Losing a child can be the worst trauma a person can experience. While this is not a very common experience in the United States (an estimated 10,000 children between the ages of 1 and 14 died in 2018), the frightening potential of losing a child is great. And while reassuring, the numbers also make clear why the death of a child brings so much suffering and why it is so feared, painful and stigmatized.
"The death of a child is considered the worst stressor a person can go through," he saysDeborah Carr, Ph.D., Chair of the Department of Sociology at Boston University. “Fathers and mothers feel particularly responsible for the well-being of the child. So when you lose a child, you don't just lose someone you loved. They are also missing out on the years of promise they were hoping for.”
As parents mourn the loss of a child, they experience many thingsClassic grief reactions— the usual battery of psychological, biological, and social impacts — there are many unique challenges. The trauma is usually more intense, the memories and hopes are harder to give up. Therefore, the grieving process takes longer and the likelihood of recurring or near-constant trauma is much greater.
“The death of a child brings with it a diverse and ongoing set of challenges for individuals and families. Everyday questions like, “How many children do you have?” it can trigger intense distress,” he saysFiona MacCullum, Ph.D., Professor of Clinical Psychology at the University of Queensland, Australia. “Some people find ways to live with the loss. Others struggle to find meaning in life.
Biological implications: How the death of a child changes the body of the parents
im 2018,Frank Infurna, Ph.D.and colleaguesexamined general health and physical functioningof 461 parents who lost children older than 13 years. "We've seen some decline over time, followed by a general rebound or recovery," said Infurna, who studies resilience to major stressors at Arizona State University.paternal. Physical functioning focused on the ability to perform various daily tasks, and "we didn't see big changes in that," says Infurna. But when he examined bereaved parents' self-reports of whether they felt they were getting sick frequently or whether they expected their health to improve or worsen, he found poorer perceptions of health.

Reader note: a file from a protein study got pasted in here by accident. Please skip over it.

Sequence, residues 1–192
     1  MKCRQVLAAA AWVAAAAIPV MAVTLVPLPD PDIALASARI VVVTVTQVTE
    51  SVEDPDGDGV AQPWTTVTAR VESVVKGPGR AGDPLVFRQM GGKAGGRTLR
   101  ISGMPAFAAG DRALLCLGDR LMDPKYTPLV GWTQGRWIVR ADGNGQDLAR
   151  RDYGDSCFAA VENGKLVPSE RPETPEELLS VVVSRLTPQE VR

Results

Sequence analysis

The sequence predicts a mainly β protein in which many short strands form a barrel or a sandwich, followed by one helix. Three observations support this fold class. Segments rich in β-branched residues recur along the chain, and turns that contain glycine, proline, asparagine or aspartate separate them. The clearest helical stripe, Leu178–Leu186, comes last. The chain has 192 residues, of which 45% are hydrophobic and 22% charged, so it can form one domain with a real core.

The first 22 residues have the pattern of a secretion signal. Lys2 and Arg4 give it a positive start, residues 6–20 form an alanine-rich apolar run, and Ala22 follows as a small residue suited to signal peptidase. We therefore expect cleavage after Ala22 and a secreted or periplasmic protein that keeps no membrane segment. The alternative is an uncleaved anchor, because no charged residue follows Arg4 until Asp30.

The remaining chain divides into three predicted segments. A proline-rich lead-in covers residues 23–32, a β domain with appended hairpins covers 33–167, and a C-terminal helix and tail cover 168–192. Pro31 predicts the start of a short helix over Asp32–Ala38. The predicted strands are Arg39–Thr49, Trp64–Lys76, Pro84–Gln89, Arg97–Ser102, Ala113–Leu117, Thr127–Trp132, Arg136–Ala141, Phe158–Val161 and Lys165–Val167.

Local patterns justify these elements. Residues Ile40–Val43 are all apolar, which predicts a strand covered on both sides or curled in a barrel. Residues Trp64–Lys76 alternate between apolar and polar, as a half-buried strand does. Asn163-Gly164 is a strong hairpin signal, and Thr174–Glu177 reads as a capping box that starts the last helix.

As with all major grief reactions, the trauma of losing a child can trigger physical symptoms, including abdominal pain, muscle spasms, headaches, and even irritable bowel syndrome.a handful of studiesfound weaker links between unresolved grief and immune disorders, cancer andlong-term genetic changesat the cellular level.
One surprising effect often seen in parents grieving the loss of a child is broken heart syndrome, a condition that eerily presents itself as a textbook heart attack. Symptoms include "chest contusion, pain, ST segment elevation on the electrocardiogram, and elevated cardiac enzyme markers on the lab results," says Fuller.citing his previous written work on the subject. "In response to emotional or physical stress, the body naturally releases catecholamines, also known as stress hormones, which temporarily paralyze the heart muscle."
Chronic stress can even impair brain function, as prolonged exposure to the stress hormone cortisol has been shownassociated with brain cell death. And in a cruel turn of neurobiology, theBrain regions responsible for processing grief, such as the posterior cingulate cortex, frontal cortex, and cerebellum, are also involved in the regulation of appetite and sleep. This could explain why bereaved parents develop eating and sleeping disorders after the loss.
"There are many, many studies that have looked at the ongoing health effects of high levels of chronic stress," he says.Gail Saltz, M, D,, Psychiatrist at NY Presbyterian Hospital Weill-Cornell School of Medicine. "And when you look at lists of stressful life events, this one is at the top."